....both of Which leads to the other (more important) pet peeve of mine......


    #3. That the people don't KNOW or UNDERSTAND that they are ignorant on the matter and think it's appropriate to comment on something they really don't know anything about.

    That just burns me up, to the point that I now have a rule that I DO NOT talk of law enforcement matters with people outside of the LE community, because I swear, if i have to explain to yet another nimrod CSI fan why it's not realistic to "just shoot em in the leg" or why I'm not going to dust a college common area for finger prints (of which their will be thousands) just because they left their backpack there and it got stolen, I might really just explode.

    ((the student that wanted me to dust for prints told me that I could send the results to the FBI and hopefully get a match.....yea, I'll do that, i'm sure there not too busy or anything......God help us, these students are supposed to be our future....))

    Bottom line, the FATHER left the officers with no good options. ANY force option in that situation could produce the same or worse results, and by forcing that situation, he is the only one at fault in my eyes.
    Last edited by Black Caesar; 08-17-2007, 01:37 AM.

    Leave a comment:


  • sgtnewby
    replied
    Well, the Startribune (Minneapolis news paper) has a picture of one of our officers (HCMC security) carrying in a 12 year old victim of the I-35W bridge collapse into the emergency room from a pick-up truck in the ambulance driveway (a lot of people did not wait for ambulances) and the caption below the picture says, "An unidentified Paramedic carries 12 year old (so and so) into the ER...." Our uniforms look nothing alike. They showed another picture in the same article of another one of our officers wiping the sweat off of his head with a towel and the caption calls him a "first responder". Not one mention of "security". The media never gets it right, it aparently would take too much time to get the facts of a story, so they just don't bother with that anymore...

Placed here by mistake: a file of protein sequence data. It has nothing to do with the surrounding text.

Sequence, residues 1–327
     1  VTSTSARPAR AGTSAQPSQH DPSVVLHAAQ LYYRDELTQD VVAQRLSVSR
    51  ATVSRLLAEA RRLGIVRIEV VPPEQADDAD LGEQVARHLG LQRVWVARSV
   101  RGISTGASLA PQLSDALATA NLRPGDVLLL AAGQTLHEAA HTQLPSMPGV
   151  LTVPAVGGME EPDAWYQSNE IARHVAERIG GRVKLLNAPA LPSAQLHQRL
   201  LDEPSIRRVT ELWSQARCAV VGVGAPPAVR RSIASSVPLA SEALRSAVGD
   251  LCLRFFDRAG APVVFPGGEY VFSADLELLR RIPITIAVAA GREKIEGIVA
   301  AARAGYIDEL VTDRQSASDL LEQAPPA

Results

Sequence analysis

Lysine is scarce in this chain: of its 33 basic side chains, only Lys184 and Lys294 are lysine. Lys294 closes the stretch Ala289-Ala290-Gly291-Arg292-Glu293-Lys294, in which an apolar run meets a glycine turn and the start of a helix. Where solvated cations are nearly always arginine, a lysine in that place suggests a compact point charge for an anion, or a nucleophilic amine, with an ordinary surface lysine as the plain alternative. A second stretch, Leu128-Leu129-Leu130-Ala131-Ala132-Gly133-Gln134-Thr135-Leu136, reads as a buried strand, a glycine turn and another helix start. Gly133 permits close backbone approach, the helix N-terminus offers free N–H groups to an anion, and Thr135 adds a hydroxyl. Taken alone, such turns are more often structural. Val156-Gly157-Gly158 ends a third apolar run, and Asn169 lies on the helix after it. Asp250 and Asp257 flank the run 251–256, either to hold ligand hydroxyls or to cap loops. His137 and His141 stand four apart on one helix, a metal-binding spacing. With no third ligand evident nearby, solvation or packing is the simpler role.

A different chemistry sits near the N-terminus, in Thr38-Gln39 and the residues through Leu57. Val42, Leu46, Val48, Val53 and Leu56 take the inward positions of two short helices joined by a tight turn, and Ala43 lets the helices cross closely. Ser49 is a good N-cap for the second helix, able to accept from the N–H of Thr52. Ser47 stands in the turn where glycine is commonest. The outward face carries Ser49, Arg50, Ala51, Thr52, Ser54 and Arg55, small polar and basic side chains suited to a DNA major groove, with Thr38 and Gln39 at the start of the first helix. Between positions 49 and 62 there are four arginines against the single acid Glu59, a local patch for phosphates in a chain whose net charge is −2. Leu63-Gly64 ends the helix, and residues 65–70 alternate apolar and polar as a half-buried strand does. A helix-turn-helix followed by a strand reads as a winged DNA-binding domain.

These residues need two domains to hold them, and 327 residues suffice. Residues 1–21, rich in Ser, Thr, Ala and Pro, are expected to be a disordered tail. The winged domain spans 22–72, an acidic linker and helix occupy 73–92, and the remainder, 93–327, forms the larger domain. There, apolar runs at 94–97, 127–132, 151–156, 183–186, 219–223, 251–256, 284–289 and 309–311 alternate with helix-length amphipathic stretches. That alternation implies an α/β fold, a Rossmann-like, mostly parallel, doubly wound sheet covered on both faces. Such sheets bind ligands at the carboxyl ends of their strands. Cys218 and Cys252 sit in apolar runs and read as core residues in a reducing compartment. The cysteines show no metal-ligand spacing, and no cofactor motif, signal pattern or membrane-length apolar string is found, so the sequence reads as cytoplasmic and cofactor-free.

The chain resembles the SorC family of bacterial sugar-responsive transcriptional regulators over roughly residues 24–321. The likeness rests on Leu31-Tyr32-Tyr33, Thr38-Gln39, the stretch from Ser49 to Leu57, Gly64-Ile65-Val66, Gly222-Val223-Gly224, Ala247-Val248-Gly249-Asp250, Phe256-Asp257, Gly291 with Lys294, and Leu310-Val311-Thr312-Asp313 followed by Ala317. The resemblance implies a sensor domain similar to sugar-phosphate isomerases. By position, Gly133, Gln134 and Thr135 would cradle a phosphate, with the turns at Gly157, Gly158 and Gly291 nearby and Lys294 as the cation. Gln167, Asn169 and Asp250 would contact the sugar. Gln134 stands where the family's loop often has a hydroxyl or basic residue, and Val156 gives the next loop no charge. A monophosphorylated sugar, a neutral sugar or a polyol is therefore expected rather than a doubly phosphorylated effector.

Last edited by sgtnewby; 08-17-2007, 12:31 AM.

    Leave a comment:


  • LPGuy
    replied
    Originally posted by Sgt koolaid View Post
    this is the reason why I don't like police doing our jobs they don't know limits of security regular they over step the bounds of security.
    Having deciphered this, here's what I gathered:

    "I don't like police officers doing security work, because they don't know the limits of regular security and they overstep their bounds."

    That doesn't make any sense. The police officer wasn't doing security work. He was doing police work--hence the police uniform, the police badge, and the police authority. And, psst, by the way, it's impossible for an off-duty police officer to "overstep the bounds of security"--they aren't required nor expected to operate within any such "bounds" of a private citizen's authority. They neither need to know or operate within "the limits of regular security," because they aren't regular security. That's why people hire police officers to work off-duty.

    Leave a comment: